NOLA BOOK AND LITERARY NEWS

from Nathan C. Martin and Friends.
Nake-Lunch-in-passing

William S. Burroughs lived in New Orleans from 1948 – 1949, when he was arrested for possession of drugs, elected to not stand trial, and moved with his wife (who he would later shoot in the head) and young son to Mexico City. Jack Kerouac’s novel On the Road famously includes a visit to “Old Bull Lee,” a world-weary gentleman junky in New Orleans who represents Burroughs, but the following passage from Burroughs’ Naked Lunch strikes me as much more appropriate in the post-BP spill, Cancer Alley age. Like the “In Passing” excerpt from Blood Meridian, the characters in this excerpt breeze in and out of New Orleans onto adventures afar, but the harrowing description of the city and its surroundings sticks to the reader like bad humidity.

++

Came at last to Houston where I know a druggist. I haven’t been there in five years but he looks up and makes me with one quick look and just nods and says: “Wait over at the counter …”

So I sit down and drink a cup of coffee and after a while he comes and sits beside me and says, “What do you want?”

“A quart of PG and a hundred nembies.”

He nods. “Come back in half an hour.”

So when I come back he hands me a package and says, “That’s fifteen dollars … Be careful.”

Shooting PG is a terrible hassle, you have to burn out the alcohol first, then freeze out the camphor and draw this brown liquid off with a dropper—have to shoot it in the vein or you get an abscess, and usually end up with an abscess no matter where you shoot it. Best deal is to drink it with goof balls … So we pour it in a Pernod bottle and start for New Orleans past iridescent lakes and orange gas flares, and swamps and garbage heaps, alligators crawling around in broken bottles and tin cans, neon arabesques of motels, marooned pimps scream obscenities at passing cars from islands of rubbish …

New Orleans is a dead museum. We walk around Exchange Place breathing PG and find The Man right away. It’s a small place and the fuzz always knows who is pushing so he figures what the hell does it matter and sells to anybody. We stock up on H and backtrack for Mexico.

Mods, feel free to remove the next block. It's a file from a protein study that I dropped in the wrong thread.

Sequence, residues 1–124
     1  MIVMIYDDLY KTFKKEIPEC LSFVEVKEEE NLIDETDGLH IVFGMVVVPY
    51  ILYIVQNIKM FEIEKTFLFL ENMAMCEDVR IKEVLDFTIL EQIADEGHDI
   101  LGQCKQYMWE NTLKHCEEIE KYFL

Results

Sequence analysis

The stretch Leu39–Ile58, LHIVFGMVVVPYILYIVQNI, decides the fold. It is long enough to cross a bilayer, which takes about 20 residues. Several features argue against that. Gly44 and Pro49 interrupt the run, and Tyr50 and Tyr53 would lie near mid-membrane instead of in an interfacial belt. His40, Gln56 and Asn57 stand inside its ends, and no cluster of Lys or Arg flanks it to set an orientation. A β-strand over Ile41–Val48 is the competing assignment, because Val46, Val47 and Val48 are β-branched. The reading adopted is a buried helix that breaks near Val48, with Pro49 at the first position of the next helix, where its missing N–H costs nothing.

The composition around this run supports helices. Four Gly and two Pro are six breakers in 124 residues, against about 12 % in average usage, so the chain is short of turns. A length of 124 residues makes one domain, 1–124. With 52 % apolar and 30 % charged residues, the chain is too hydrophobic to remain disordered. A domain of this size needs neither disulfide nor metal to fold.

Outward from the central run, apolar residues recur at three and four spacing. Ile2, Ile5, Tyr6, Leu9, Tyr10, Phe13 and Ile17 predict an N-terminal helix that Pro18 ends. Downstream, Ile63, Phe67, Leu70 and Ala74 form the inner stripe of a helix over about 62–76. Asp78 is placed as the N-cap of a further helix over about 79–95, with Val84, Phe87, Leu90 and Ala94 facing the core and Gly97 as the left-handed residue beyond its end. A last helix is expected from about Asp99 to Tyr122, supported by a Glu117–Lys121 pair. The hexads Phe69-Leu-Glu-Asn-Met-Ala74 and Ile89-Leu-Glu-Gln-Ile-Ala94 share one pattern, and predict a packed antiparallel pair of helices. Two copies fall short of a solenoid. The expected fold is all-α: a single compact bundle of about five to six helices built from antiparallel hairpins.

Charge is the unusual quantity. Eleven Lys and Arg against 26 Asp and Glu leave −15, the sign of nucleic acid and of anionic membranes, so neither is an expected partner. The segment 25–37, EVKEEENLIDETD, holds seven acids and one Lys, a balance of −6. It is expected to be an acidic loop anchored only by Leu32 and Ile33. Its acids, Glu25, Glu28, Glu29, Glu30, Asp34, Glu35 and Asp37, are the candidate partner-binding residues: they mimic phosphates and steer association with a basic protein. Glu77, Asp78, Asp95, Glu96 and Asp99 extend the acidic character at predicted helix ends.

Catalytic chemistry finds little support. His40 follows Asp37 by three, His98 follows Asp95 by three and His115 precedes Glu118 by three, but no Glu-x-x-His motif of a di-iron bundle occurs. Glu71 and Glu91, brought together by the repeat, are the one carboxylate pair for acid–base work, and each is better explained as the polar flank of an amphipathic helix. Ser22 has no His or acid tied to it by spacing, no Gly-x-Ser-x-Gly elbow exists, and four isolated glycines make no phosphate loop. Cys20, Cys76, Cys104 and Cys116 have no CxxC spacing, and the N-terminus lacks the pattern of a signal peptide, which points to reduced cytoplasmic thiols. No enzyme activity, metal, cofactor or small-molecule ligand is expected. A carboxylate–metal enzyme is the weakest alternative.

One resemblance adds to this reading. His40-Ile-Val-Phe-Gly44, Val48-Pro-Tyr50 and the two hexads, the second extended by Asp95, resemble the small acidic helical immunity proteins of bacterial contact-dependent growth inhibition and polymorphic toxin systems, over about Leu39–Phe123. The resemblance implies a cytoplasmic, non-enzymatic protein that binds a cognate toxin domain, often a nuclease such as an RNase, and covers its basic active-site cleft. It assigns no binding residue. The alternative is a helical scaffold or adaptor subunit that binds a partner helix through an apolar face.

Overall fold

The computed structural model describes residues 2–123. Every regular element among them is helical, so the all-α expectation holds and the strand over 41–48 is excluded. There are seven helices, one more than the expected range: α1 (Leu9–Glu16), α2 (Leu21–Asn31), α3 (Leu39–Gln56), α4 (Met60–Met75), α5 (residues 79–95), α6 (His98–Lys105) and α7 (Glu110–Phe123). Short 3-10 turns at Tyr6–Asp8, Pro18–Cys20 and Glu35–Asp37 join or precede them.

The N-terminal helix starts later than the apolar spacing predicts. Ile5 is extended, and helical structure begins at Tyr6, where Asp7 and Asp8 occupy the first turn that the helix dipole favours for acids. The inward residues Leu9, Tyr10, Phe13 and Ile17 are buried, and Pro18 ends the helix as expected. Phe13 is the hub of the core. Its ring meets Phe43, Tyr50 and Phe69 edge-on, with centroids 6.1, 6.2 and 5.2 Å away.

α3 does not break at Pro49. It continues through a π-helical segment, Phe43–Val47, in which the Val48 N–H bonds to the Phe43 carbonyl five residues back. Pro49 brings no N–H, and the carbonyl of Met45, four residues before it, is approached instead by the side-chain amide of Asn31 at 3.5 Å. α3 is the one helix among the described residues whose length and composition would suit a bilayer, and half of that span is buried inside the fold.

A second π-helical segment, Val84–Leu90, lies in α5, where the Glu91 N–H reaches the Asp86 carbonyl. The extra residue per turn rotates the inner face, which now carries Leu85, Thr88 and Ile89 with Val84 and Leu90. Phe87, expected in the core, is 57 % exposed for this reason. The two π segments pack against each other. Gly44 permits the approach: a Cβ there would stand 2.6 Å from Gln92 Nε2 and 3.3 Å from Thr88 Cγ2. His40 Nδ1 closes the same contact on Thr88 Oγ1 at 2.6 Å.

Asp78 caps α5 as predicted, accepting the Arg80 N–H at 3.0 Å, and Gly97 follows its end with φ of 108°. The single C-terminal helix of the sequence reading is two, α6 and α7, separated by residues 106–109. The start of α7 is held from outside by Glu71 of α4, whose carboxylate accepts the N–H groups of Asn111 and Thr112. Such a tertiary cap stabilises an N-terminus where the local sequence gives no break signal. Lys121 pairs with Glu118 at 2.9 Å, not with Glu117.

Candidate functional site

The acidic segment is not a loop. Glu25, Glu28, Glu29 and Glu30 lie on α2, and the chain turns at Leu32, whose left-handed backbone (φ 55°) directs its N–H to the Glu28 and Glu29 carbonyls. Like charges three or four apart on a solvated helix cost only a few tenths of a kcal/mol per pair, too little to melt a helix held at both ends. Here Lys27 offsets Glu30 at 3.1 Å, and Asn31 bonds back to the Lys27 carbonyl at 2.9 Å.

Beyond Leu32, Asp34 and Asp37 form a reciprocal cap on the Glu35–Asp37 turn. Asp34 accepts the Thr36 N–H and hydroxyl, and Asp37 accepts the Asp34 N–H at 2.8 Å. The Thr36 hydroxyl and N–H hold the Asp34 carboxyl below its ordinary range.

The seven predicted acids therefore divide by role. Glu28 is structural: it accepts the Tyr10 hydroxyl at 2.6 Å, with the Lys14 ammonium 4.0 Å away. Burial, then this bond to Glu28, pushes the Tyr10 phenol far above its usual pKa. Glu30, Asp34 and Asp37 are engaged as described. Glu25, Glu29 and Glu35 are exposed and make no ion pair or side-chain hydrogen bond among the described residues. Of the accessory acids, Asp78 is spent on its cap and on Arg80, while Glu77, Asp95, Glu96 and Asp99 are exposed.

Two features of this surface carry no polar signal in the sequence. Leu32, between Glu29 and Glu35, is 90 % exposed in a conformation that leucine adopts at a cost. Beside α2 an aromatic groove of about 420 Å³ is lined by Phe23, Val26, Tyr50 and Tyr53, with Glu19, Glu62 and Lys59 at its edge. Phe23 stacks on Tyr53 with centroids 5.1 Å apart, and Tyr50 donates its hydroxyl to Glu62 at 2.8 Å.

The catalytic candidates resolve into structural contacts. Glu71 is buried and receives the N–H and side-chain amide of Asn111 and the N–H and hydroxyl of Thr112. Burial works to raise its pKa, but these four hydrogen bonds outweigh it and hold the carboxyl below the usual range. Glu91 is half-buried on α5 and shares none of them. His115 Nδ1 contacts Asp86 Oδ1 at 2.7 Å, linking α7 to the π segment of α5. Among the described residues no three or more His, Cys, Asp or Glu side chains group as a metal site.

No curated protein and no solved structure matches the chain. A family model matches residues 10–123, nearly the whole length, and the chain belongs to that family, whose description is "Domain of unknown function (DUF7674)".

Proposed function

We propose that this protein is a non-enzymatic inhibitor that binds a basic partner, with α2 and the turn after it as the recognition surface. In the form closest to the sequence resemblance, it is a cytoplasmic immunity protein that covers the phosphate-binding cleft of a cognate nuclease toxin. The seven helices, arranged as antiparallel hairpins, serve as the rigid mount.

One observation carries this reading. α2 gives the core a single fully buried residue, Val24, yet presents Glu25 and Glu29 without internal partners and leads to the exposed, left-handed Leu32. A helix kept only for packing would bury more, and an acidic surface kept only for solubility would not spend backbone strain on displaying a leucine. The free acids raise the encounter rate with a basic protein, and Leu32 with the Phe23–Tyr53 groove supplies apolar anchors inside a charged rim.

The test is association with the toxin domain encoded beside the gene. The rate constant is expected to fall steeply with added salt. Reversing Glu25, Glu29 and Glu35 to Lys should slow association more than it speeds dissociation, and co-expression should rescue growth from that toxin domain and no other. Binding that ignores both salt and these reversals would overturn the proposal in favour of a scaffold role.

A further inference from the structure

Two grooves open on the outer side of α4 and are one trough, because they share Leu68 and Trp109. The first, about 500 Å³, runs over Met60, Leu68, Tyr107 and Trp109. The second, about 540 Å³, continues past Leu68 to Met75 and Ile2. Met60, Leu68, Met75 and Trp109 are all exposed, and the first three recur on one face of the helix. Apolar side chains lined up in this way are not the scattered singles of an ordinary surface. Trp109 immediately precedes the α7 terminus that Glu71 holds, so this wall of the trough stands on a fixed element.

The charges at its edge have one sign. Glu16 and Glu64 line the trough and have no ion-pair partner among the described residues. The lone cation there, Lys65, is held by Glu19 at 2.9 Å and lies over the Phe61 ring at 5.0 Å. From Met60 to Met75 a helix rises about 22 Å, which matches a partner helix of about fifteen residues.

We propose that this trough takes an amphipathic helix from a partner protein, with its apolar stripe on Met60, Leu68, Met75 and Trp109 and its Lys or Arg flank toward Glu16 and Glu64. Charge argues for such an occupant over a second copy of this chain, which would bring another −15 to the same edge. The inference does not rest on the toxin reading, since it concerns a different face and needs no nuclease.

Back through Lake Charles and the dead slot-machine country, south end of Texas, nigger-killing sheriffs look us over and check the car papers. Something falls off you when you cross the border into Mexico, and suddenly the landscape hits you straight with nothing between you and it, desert and mountains and vultures; little wheeling specks and others so close you can hear wings cut the air (a dry husking sound), and when they spot something they pour out of the blue sky, that shattering bloody blue sky of Mexico, down in a black funnel … Drove all night, came at dawn to a warm misty place, barking dogs and the sound of running water.

Hand-in-Glove Conference Guide

Hand in Glove Conference Guide
Essay by Amy Mackie, edited by Bob Snead, designed by Erik Keisewetter

This beautiful book, designed and printed by Erik Kiesewetter of Constance for the Hand-in-Glove Conference, includes a guide to all of the conference happenings Oct 17-20, 2013, an informative map of the artist run spaces on and around St. Claude Ave, and an extensive essay by Amy Mackie about the history of self organized contemporary art [...]

Photo by Sophie Lvoff in WE'RE PREGNANT

We’re Pregnant
Words by Nathan Martin. Photography by Akasha Rabut, Sophie T. Lvoff, and Grissel Giuliano.

We’re Pregnant is a chapbook of short fiction by Room 220 editor Nathan C. Martin along with photography by Akasha Rabut, Sophie T. Lvoff, and Grissel Giuliano. The book contains three of Martin’s short stories—which explore in morbid fashion anxieties related to sex, disease, marriage, and childbirth—with images inspired by the stories from each of the photographers.

final_cover (2)

The People Is Singular
Poems by Andy Young and Photographs by Salwa Rashad

The People Is Singular, by local poet Andy Young and Egyptian photographer Salwa Rashad, is a personal response to the Egyptian Revolution. Rashad’s vision includes everyday people—Muslims and Christians, young and old, the foregrounded and the peripheral. Her perspective is from inside the events as they unfolded. Andy Young, a New Orleans poet married to [...]

curtain_optional (2)

Curtain Optional
by Brad and Jim Richard

In both poetry and prose, Brad Richard explores the influence of his father’s work on his own, as well as the experience of growing up as the son of an artist while becoming an artist himself. Jim Richard is a professor of painting at the University of New Orleans and has exhibited at the Solomon [...]

howtorebuild

How to Rebuild a City
Edited by Anne Gisleson & Tristan Thompson w/ design and artistic direction by Catherine Burke

Beautifully designed, sometimes fun, always informative, How to Rebuild a City: Field Guide from a work in Progress, is a reflection of the many ways that New Orleanians have realized our way towards recovery, actively and creatively engaging with our communities.

bitterink

Bitter Ink
by Brian Zeigler & Raymond “Moose” Jackson

BBoth originally from Detroit, cousins Brian Zeigler and Raymond “Moose” Jackson began collaborating while Brian was harboring Moose in Vermont during Katrina evacuation. While their doodling proclivities may have made them rustbelt exiles from the rest of their autoworker family, together they produce seductive aphorisms of wit and weirdness that provoke, confound and celebrate a [...]